Anatomy of a diamond
If you ask any diamond cutter what are the most challenging tasks in their work, they will most likely tell you it is the creation of a hearts and arrows diamond from a rough stone. That’s because the essence of such diamonds lies their precise optical symmetry and superior brilliance.
Any tiny deviation in a facet’s proportions might set off a chain reaction that would ruin the diamond’s hearts and arrows patterning. Now, you might think there is a secret recipe for polishing hearts and arrows diamond that is stashed away in some high tech cutting factories.
However, the truth is that the details of the entire cutting process can be found in the public domain. For example, information like facet proportions, the exact number of facets and the order in which they should be cut are readily available on the Internet.
While I am no diamond cutter, I’m a geek when it comes to anything related to diamonds. Naturally, information like these piqued my interest and I thought it would be great to share some of the knowledge I had learned here.
Firstly, let us talk about the formation of the hearts patterning in the pavilion. As light enters the diamond, the manner in which it is refracted and reflected is determined by facet proportions and angles. Each heart is created due to the interplay of light by several facets and this kaleidoscopic pattern is actually an optical illusion.
That’s right! There are no physical parts on a polished diamond that has the shape of a heart. Instead, the lobes you see in the hearts pattern are actually created by two lower girdle facets. The tip of each heart is formed by the meeting junction of the lower girdle facets and pavilion main facet.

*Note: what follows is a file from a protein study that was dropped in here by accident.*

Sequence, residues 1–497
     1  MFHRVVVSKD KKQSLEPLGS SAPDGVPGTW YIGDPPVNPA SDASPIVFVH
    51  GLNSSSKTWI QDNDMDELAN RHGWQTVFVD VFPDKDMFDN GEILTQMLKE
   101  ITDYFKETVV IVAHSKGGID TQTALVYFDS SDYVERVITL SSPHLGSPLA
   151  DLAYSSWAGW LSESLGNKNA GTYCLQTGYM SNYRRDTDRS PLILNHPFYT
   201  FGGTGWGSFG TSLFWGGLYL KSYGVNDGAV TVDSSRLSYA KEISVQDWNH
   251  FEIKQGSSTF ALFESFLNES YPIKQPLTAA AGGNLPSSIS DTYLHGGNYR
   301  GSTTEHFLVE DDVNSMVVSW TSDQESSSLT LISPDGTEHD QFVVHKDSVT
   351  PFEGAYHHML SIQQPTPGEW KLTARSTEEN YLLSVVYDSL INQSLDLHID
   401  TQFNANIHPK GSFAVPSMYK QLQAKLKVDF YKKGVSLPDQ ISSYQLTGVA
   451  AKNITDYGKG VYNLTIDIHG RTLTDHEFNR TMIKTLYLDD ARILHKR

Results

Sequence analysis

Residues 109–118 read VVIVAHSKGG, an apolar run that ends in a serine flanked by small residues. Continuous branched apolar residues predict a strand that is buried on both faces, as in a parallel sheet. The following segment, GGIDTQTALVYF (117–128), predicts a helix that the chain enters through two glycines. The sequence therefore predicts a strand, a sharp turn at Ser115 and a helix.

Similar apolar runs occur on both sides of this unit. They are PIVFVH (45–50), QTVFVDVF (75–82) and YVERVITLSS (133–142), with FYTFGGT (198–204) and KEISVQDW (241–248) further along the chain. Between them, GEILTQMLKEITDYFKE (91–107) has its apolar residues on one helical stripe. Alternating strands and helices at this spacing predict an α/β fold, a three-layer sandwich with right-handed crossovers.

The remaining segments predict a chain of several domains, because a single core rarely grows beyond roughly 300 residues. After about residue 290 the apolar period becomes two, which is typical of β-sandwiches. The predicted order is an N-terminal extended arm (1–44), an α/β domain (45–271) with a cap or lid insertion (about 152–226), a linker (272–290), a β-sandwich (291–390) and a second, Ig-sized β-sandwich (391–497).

Whenever a pavilion main facet is polished, it also casts its reflection onto the opposite side of the lower girdle facets. This creates the “gap” which segregates the heart and V-shape looking tip.
If you do a little math, you will find that a total of 5 facets is required to create half a heart. Hence, you require an additional 5 facets to form a heart. When two additional star facets are polished on the crown area, the internal reflections cause the pointed heart shoulders to be squared off.
This gives the heart image a completed look. All in all, the creation of one heart requires a total of twelve polished facets.
Now that I had explained the creation of hearts, let’s take a look at how the arrows on the crown are brought to life. Wouldn’t it be a neat idea for us to catch those hearts with “arrows” symbolizing the arrows that a cupid uses?
The technicality of the arrow creation is very similar to the process of creating the hearts. Opposing arrows are intertwined and directly related to each other. A pair of pavilion lower half facets makes up the shaft of the arrow. The pointed tip of the arrow is caused by a reflection of the opposing shaft.
And when we do the math, the light reflection from twelve facets come together in order to create the entire shape of an arrow. This time, the combination consists of six pavilion facets, a table facet, a bezel facet and four star facets.
As you can see, each facet’s individual relationship to another plays an important role in the diamond’s overall look. If one facet is slightly out of alignment, it will set off a domino effect and the entire appearance of 8 hearts and 8 arrows will be distorted.
Comparison of near hearts and arrows (top) vs perfect hearts and arrows diamond (bottom).